The last couple of weeks of my 374-day trip have sped by. The play-it-by-ear motto of my travels so far has gone out the window. For my final stint in Europe, every train was booked, dinner dates set up, and hours of arrival confirmed with friends weeks in advance.

My trip is no longer about sightseeing. It has morphed into a slow transition period of a sort of normalcy where my tan fades, I meet up with friends I already know and evade the touristy.

I didn’t see anything in The Hague except for the tower of treats for high tea. Rotterdam, for me, is a train station and an Indonesian restaurant. Days were spent cycling on pristine bike paths.

I didn’t even take a photo of the windmills we passed.

DSC08490

Picnic along the bike path with Yvonne (first met in New Zealand, then Bali, and now at her place in The Netherlands). This was before I ran my bike into a pole and fell over with a big clang.

DSC08509

The king and queen, Rotterdam.

DSC08498

Doing nothing after a day at the beach in The Netherlands.

Yvonne drove me to the Amsterdam airport on the Thursday night, and my old friend Gerry was waiting for me with pizza and ice cream in Edinburgh.

Bad timing, being a theatre-person, what with the Festival (with a capital F) starting next week. But I was relieved- it can be an overwhelming place to be, Edinburgh in August. So I was glad to meet Gerry’s family and play with train sets, watch TV, walk in the forest, and go to the pub. And not worry about the obligations I’d have to see show after show (if you are in Edinburgh for the festival, please go see Die Roten Punkte and Oh My Irma)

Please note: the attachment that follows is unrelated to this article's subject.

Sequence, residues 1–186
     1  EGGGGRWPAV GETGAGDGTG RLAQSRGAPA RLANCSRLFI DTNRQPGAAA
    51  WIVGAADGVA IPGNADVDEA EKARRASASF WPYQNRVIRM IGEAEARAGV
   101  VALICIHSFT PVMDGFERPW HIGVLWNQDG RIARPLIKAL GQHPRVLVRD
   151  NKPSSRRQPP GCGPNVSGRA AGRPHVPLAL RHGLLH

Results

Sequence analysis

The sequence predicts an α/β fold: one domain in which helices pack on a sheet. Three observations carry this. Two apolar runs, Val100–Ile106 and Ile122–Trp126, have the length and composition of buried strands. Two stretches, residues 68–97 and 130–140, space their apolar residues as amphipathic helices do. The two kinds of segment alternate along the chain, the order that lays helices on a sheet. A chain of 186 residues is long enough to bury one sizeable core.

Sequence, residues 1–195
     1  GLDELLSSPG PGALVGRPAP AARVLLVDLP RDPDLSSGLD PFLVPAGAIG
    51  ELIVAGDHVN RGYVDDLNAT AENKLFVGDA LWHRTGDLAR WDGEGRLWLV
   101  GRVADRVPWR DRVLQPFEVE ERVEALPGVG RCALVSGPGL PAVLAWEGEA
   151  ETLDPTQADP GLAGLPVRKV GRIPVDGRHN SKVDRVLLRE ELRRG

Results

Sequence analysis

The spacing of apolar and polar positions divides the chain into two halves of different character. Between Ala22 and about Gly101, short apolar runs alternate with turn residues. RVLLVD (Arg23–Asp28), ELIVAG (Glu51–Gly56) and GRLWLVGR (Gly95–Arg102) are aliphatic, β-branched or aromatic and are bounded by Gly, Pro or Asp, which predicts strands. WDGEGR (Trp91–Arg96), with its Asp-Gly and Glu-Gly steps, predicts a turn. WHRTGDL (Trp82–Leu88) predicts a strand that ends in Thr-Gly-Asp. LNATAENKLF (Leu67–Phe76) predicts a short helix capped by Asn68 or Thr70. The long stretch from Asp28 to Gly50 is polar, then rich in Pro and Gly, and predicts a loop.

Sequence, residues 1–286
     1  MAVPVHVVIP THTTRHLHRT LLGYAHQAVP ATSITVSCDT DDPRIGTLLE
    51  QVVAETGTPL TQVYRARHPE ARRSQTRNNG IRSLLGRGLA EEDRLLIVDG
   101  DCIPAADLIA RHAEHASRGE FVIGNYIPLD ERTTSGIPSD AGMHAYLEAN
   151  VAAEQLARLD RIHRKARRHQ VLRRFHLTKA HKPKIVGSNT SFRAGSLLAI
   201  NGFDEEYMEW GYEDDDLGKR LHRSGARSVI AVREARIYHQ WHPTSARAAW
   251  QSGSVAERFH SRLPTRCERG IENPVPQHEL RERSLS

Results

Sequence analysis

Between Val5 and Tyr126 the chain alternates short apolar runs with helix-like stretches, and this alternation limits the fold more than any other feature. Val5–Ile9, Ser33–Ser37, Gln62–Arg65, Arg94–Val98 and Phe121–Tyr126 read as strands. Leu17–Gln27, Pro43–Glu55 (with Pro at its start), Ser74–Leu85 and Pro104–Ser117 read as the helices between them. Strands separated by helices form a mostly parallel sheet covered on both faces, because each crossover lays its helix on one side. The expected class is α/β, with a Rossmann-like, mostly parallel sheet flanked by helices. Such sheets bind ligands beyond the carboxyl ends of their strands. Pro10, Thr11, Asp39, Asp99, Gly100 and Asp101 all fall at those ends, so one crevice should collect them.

We went strawberry-picking (which also involves go-carts and trampolines!). It was sunny and 27 degrees. In Scotland.  Every single day I was there.

DSC08566

Scottish strawberries may be huge, but they’re sweet and delicious.

My weekend in Edinburgh went by in a flash and by Sunday night I was already in Sheffield to see Elena, a friend from elementary school.

Sheffield feels like England with its quick-changing weather, brick houses, and lovely gardens. Sheffield has nice pubs and cafes and parks. It also has a paternoster (the largest in the world). Riding a paternoster around wasn’t quite the thrill of the swing in New Zealand, but it came close.

DSC08576

Flower in a park, Sheffield.

DSC08578

The paternoster.

Huge thanks to Yvonne, Gerry and Emma, and Elena and Matt for your generous hospitality and for distracting me from the fact that the travels are ending (for now) very very soon.

Advertisements